The role of yeast DNA 3'-phosphatase Tpp1 and rad1/Rad10 endonuclease in processing spontaneous and induced base lesions.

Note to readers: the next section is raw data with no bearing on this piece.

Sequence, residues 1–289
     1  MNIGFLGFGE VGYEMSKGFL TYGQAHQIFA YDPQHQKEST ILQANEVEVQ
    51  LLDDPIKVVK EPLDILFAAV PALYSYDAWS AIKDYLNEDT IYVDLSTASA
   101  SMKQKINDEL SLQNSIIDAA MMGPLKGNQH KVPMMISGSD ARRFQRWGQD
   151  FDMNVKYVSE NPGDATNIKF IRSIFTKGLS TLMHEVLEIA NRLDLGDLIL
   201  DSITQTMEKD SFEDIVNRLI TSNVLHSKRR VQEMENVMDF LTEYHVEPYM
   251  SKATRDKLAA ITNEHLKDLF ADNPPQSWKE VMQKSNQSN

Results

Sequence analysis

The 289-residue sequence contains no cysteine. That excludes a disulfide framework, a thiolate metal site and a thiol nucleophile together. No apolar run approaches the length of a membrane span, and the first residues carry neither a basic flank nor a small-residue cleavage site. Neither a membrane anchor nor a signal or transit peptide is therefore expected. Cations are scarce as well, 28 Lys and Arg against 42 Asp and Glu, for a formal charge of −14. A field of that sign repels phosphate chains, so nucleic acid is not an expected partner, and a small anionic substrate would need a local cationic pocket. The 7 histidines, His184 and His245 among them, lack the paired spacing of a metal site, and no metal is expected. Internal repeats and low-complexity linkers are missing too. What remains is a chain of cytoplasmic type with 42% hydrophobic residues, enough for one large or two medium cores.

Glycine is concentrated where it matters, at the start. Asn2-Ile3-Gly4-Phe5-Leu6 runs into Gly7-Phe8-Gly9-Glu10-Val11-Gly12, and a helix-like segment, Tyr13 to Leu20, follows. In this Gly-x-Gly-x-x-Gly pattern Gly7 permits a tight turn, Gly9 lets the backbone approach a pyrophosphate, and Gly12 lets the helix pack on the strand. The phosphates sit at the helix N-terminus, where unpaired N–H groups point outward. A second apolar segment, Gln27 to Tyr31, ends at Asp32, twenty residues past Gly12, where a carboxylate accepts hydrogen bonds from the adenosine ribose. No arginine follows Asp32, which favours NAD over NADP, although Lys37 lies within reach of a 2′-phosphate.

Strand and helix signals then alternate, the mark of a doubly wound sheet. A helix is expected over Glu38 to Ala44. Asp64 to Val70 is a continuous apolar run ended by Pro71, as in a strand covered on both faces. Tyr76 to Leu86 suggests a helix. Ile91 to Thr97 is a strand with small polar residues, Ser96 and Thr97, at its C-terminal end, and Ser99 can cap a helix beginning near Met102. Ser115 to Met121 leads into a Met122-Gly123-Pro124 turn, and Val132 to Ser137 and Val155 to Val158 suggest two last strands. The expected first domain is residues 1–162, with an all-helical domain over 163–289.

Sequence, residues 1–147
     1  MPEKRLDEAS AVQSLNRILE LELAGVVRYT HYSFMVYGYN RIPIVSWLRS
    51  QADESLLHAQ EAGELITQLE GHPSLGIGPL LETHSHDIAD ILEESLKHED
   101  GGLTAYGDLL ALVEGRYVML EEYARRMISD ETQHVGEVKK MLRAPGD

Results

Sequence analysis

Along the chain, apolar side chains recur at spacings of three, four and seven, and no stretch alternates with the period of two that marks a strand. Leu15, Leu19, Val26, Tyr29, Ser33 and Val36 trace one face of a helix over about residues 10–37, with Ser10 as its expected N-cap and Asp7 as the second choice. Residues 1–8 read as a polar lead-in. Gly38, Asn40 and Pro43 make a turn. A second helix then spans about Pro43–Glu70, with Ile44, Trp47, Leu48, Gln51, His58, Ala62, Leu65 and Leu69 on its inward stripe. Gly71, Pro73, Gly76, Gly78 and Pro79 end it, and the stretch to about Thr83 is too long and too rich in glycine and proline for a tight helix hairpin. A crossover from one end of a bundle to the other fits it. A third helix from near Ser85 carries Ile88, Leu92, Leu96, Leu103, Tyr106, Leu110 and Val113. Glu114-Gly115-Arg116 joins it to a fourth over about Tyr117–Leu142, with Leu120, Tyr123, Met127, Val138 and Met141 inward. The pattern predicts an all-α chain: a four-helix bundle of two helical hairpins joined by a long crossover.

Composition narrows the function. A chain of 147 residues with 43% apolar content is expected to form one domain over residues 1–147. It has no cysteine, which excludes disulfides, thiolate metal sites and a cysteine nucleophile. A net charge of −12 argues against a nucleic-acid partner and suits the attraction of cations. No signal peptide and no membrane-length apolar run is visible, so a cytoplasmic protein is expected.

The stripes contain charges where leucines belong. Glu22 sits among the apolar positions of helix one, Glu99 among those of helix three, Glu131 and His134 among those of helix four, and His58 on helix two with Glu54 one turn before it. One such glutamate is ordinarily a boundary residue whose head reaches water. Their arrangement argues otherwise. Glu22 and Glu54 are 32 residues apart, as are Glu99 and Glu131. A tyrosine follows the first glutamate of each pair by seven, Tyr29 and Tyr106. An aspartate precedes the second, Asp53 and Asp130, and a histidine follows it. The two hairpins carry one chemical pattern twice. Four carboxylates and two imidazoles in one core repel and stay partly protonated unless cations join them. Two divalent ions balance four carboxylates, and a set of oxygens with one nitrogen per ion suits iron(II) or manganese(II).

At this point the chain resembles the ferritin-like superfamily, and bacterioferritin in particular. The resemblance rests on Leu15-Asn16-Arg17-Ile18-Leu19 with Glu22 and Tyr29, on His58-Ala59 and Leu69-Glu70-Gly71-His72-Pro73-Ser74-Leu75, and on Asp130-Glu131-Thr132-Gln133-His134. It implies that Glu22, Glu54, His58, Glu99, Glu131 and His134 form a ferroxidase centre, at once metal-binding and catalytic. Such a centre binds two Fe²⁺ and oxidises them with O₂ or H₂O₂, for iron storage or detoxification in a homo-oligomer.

ABSTRACT Tpp1 is a DNA 3'-phosphatase in Saccharomyces cerevisiae that is believed to act during strand break repair. It is homologous to one domain of mammalian polynucleotide kinase/3'-phosphatase. Unlike in yeast, we found that Tpp1 could confer resistance to methylmethane sulfonate when expressed in bacteria that lack abasic endonuclease/3'-phosphodiesterase function. This species difference was due to the absence of delta-lyase activity in S. cerevisiae, since expression of bacterial Fpg conferred Tpp1-dependent resistance to methylmethane sulfonate in yeast lacking the abasic endonucleases Apn1 and Apn2. In contrast, beta-only lyases increased methylmethane sulfonate sensitivity independently of Tpp1, which was explained by the inability of Tpp1 to cleave 3' alpha,beta-unsaturated aldehydes. In parallel experiments, mutations of TPP1 and RAD1, encoding part of the Rad1/Rad10 3'-flap endonuclease, caused synthetic growth defects in yeast strains lacking Apn1. In contrast, Fpg expression led to a partial rescue of apn1 apn2 rad1 synthetic lethality by converting lesions into Tpp1-cleavable 3'-phosphates. The collected experiments reveal a profound toxicity of strand breaks with irreparable 3' blocking lesions, and extend the function of the Rad1/Rad10 salvage pathway to 3'-phosphates. They further demonstrate a role for Tpp1 in repairing endogenously created 3'-phosphates. The source of these phosphates remains enigmatic, however, because apn1 tpp1 rad1 slow growth could be correlated with neither the presence of a yeast delta-lyase, the activity of the 3'-phosphate-generating enzyme Tdp1, nor levels of endogenous oxidation.